3M is one of America’s oldest and most venerable diversified industrial corporations. The company is known for its strong consumer brands, such as Scotch, Scotchgard, Post-it, Scotch-Brite, and ACE Bandages, but in truth its consumer business only constitutes a small part of its activities. The company also has many product offerings with applications in industrial areas such as automotive, health care, electronics, and energy, as well as safety and graphics. 3M has a well-earned reputation for being an innovation machine, plowing 6 percent of its annual revenues back into R&D. A long history of innovation has given 3M a portfolio of 55,000 products, many of which command high margins. Some 30 percent of its sales come from products introduced in the last five years. In addition to being an innovation machine, 3M is also one of the most international of all U.S. companies. The company generates around 60 percent of its $32 billion in annual revenues from sales outside of the United States. This large global business has sales in 200 countries and operations in 70. The company has 200 plants around the world; manufactures many of its own inputs in addition to final products; and has built up networks of regional supply chains to better manage inventory, improve customer responsiveness, achieve economies of scale, and realize the productivity gains that come from manufacturing products in the optimal location. Dealing with this vast array of international sales, as well as intra-company transactions, creates a problem for 3M. Specifically, changes in the value of currencies against each other can significantly affect its earnings and revenues when translated back into U.S. dollars, affect the value of intracompany transactions, and alter the attractiveness of different nations as possible locations for manufacturing activities. 3M estimates that adverse movements in currencies decreased the company’s pretax profits by $42 million in 2018 and $111 million in 2017. (As an American company, 3M reports its financial results in U.S. dollars.) These estimates include the effect of translating profits from local currencies back into U.S. dollars, the impact of currency fluctuations on the transfer of products between 3M operations located in different nations, and transaction gains and losses including those on derivative instruments designed to reduce foreign currency exchange rate risk. For example, in 2018, an increase in the value of the U.S. dollar against the currencies of many other countries reduced 3M’s foreign sales (when they were translated back into U.S. dollars) by some 2.3 percent. Of course, the opposite can also occur. Foreign currency risk arises because the value of currencies will fluctuate against each other over time, and it is not easy to forecast how they will move against each other. In 2018, for example, the U.S. dollar increased in value by 5.2 percent against a trade-weighted basket of other currencies, which included the euro, yen, British pound, Swiss franc, and Australian dollar. The implication is that foreign sales, when translated back into U.S. dollars, will have fallen, on average, by 5.2 percent over the year. Page 335 Like many companies, 3M tries to reduce its exposure to such adverse effects by hedging its foreign exchange risk. The company enters into what are known as foreign exchange forward contracts, in advance of a foreign transaction, to “lock in” the exchange rate. The company may lock in exchange rates as much as 36 months in advance. For example, if 3M is exporting a product to the euro zone with payment in euros expected in three months, and it thinks that the U.S. dollar might appreciate against the euro over the next three months but it’s not sure about this, 3M might purchase a three-month forward contract that locks in a certain dollar–euro exchange rate. By doing this, 3M knows what revenue it will get from the sale at that time in terms of dollars, and dollar sales are not reduced by a rise in the value of the dollar against the euro over the next three months. Of course, such forward contracts are not free, nor are they perfect. In the face of uncertainty, the company may bet incorrectly and lose out. If the dollar falls against the euro over the next three months, instead of rising as 3M expected, 3M would have been better off not hedging because the unhedged dollar value of its euro sales would have increased. As circumstances warrant, 3M also uses foreign currency forward contracts and foreign currency debt as hedging instruments to protect the value of portions of the company’s net investments in foreign operations. For example, in 2018, its European operations were partly financed by €4.1 billion in euro-denominated debt. If that debt were denominated in U.S. dollars, but had to be serviced by 3M’s European operations, then the cost of servicing that debt in euros for the European subsidiaries would go up if the euro declined in value against the dollar, thereby reducing 3M’s euro-zone profits when denominated in U.S. dollars. It is by actions such as these that 3M reduces its exposure to the unpredictable movements in currency exchange rates over time.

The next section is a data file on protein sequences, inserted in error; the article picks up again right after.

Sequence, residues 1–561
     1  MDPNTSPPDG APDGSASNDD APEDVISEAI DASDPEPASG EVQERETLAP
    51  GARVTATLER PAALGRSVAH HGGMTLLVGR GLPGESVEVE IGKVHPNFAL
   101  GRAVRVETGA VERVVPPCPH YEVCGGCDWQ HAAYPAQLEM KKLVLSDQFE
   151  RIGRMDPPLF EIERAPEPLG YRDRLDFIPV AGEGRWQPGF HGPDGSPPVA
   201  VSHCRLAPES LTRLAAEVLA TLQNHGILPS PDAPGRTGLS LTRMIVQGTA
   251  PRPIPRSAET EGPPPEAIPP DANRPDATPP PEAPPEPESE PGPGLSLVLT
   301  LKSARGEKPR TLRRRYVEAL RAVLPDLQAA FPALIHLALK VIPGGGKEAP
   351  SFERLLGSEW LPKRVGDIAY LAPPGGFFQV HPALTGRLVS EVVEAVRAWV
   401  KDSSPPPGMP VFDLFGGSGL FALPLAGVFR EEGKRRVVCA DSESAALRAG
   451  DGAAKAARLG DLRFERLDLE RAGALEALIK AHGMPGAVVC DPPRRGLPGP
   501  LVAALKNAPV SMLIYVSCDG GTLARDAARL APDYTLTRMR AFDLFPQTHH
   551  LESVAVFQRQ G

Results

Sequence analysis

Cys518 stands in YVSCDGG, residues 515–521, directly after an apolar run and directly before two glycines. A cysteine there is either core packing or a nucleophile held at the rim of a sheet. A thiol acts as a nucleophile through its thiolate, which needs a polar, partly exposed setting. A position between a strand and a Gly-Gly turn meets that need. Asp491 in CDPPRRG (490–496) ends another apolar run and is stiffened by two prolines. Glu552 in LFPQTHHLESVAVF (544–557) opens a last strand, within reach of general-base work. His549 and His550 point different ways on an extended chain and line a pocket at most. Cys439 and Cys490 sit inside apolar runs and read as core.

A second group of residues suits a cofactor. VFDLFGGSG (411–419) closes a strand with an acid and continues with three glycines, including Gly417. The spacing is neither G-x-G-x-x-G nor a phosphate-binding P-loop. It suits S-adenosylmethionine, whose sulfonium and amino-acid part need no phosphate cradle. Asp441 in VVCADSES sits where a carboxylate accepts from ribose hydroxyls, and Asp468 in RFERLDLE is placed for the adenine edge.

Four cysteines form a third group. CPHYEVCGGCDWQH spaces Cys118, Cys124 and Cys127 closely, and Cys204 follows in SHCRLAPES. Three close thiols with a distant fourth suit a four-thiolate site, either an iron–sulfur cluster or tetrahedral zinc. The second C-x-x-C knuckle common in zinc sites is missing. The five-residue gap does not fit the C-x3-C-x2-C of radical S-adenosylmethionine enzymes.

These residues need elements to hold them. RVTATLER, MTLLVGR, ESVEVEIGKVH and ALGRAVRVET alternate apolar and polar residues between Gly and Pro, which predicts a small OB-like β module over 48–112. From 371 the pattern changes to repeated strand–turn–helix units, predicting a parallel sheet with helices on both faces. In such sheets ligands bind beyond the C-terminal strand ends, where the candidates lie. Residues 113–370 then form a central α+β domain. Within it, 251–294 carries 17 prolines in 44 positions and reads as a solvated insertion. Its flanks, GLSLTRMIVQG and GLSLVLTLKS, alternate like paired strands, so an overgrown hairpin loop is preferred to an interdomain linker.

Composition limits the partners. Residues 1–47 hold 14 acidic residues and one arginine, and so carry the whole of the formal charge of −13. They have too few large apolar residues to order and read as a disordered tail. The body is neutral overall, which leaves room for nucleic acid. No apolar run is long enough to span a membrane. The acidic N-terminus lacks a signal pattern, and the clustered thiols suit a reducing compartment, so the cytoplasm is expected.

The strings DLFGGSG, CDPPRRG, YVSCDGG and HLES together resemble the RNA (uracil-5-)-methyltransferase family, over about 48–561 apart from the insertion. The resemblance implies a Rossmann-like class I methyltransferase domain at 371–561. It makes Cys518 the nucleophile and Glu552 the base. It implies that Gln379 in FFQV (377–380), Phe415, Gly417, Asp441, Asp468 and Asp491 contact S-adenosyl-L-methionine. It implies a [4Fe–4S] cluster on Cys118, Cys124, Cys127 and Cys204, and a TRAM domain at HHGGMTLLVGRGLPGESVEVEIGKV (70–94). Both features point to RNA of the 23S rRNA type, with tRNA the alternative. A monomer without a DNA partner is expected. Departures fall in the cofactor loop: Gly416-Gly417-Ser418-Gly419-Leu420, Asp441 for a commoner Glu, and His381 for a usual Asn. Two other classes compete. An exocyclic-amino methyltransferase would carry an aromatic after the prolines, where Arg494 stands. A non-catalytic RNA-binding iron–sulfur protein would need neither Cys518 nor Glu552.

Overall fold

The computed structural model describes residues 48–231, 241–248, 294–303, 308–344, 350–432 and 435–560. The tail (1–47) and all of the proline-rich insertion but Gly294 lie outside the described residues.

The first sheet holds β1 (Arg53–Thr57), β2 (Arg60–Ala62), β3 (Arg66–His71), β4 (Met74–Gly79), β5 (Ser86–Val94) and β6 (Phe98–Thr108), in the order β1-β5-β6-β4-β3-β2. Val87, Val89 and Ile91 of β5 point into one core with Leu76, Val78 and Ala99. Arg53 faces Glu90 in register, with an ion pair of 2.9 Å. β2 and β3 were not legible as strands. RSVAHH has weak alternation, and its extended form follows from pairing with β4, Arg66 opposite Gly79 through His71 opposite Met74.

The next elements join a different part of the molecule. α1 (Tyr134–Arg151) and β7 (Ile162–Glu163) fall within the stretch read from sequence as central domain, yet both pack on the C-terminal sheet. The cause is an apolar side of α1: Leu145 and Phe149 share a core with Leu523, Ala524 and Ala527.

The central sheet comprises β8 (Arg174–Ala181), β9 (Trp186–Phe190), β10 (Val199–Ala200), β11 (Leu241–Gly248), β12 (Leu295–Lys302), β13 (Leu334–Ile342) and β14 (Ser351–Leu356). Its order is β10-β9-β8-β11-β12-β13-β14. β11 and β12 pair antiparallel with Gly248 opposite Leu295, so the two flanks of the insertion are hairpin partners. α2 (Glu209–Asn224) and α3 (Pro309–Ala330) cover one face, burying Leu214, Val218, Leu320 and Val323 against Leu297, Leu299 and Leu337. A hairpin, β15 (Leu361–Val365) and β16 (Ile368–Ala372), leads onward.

Should 3M hedge against adverse movements on foreign exchange rates? How should it do this?

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